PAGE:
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Book Review: "When We Were Sisters" charts the fractures of sisterhood

Grief rocks the worlds of sisters Kausar, Aisha, and Noreen in Fatimah Asghar's debut novel "When We Were Sisters". Taken in by an estranged uncle, the sisters attempt to hold on to their sense of family throughout their teenage years but are torn apart by the fractures in their bond.


Kausar, the youngest, struggles with losing her parents and her relationship with her gender and sexual identity. Aisha, the middle sister, consistently spars with Kausar while trying to maintain their family structure. And Noreen, the eldest, must act as their mother while trying to carve her own place in the world. As the sisters age, they each grapple with their Muslim identity, girlhood, and sense of family while deciding whether to maintain their codependency or create their own lives.


Asghar’s lyrical writing style is unlike any other––a mix of poetry, prose, and poignant narration that beautifully capture the struggles of growing up as a young Muslim woman in America. The rich––yet heart-wrenching––passages throughout the novel and poetic styling paint a collage of the Muslim-American lifestyle, Muslim teachings, and Kausar’s coming-of-age journey with lovely nuance. The narrative shifts from character to character for deeper analyses and the third-person, but most of the novel is told from Kausar’s point of view.


Although I don’t have any sisters, the depiction of sisterhood in this novel felt almost autobiographical from Asghar. Kausar’s experiences with puberty, high school, and navigating racism aren't generalized experiences of Islamophobia but detailed microaggressions. These passages will make readers (mainly non-Muslim ones) think twice about their biases and preconceived notions. I won’t spoil it, but some challenging scenes in “When We Were Sisters” centered around racism, Islamophobia, sexual assault, and gender.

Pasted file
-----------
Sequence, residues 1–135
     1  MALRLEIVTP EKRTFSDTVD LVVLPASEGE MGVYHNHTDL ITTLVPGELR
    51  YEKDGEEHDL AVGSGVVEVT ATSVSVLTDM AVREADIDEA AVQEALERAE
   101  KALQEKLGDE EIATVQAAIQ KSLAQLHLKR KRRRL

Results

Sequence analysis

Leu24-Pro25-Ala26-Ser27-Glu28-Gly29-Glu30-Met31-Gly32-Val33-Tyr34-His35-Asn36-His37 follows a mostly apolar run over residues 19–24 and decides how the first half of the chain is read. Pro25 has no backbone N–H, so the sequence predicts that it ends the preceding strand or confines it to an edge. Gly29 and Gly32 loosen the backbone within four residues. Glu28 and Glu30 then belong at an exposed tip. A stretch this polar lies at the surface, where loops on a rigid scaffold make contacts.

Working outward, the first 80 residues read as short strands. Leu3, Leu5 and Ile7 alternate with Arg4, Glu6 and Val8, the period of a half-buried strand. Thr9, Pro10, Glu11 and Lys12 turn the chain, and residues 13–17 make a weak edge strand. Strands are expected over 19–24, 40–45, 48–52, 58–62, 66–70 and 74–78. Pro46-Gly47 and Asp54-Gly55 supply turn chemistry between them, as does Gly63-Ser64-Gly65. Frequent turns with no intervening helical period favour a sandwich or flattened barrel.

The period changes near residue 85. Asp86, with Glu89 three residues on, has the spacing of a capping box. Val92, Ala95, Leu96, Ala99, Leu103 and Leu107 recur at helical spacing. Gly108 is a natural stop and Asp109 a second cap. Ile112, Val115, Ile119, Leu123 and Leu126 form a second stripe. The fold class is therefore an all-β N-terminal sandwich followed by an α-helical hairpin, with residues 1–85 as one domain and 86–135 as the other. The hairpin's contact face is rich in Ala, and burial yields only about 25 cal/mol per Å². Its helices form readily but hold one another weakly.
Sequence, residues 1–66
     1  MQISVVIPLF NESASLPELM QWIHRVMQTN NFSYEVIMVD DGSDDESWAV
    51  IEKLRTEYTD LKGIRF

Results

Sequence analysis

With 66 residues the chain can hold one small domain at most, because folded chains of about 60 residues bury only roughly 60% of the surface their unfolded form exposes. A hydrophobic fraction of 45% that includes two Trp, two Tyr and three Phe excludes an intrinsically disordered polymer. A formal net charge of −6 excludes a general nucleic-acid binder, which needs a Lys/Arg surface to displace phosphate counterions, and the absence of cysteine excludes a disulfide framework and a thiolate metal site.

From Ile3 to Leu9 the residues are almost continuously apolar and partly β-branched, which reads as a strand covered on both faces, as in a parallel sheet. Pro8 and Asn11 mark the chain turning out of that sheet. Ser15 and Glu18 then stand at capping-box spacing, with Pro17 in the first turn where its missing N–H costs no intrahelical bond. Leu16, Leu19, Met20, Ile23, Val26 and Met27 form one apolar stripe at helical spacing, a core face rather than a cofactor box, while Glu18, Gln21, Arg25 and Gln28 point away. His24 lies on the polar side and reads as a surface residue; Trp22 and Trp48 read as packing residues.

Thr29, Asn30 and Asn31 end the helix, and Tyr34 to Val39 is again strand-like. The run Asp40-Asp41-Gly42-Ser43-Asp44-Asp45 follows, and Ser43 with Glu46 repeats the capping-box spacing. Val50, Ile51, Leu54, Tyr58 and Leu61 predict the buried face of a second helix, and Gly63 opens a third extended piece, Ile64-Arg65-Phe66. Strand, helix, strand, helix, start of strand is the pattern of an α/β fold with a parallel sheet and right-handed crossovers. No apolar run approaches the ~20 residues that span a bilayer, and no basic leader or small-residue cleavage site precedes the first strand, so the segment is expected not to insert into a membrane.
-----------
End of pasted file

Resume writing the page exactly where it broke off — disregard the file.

Also, the sisters’ experiences with body image, the quintessential American culture, and sexuality are written with the tenderness of someone who has personally experienced them––so kudos to Asghar. She masterfully conveys the angst, loneliness, and love sisters share through the Muslim-American lens and doesn’t mince any feelings for political correctness.


As Kausar, Aisha, and Noreen grow up and evolve in their Muslim identity, the chasms between them widen until a pivotal scene in the novel bridges that gap. I can’t and won’t speak for the Muslim-American experience. Still, Asghar illuminates an underrepresented community in American society with extraordinary dexterity and grace.


Lyrically stunning and heart-wrenching, “When We Were Sisters” paints an experimental and gorgeous portrait of the young, Muslim-American experience and the bonds between sisters. A must-read for any readers looking for something fresh yet important to Muslim representation in publishing.


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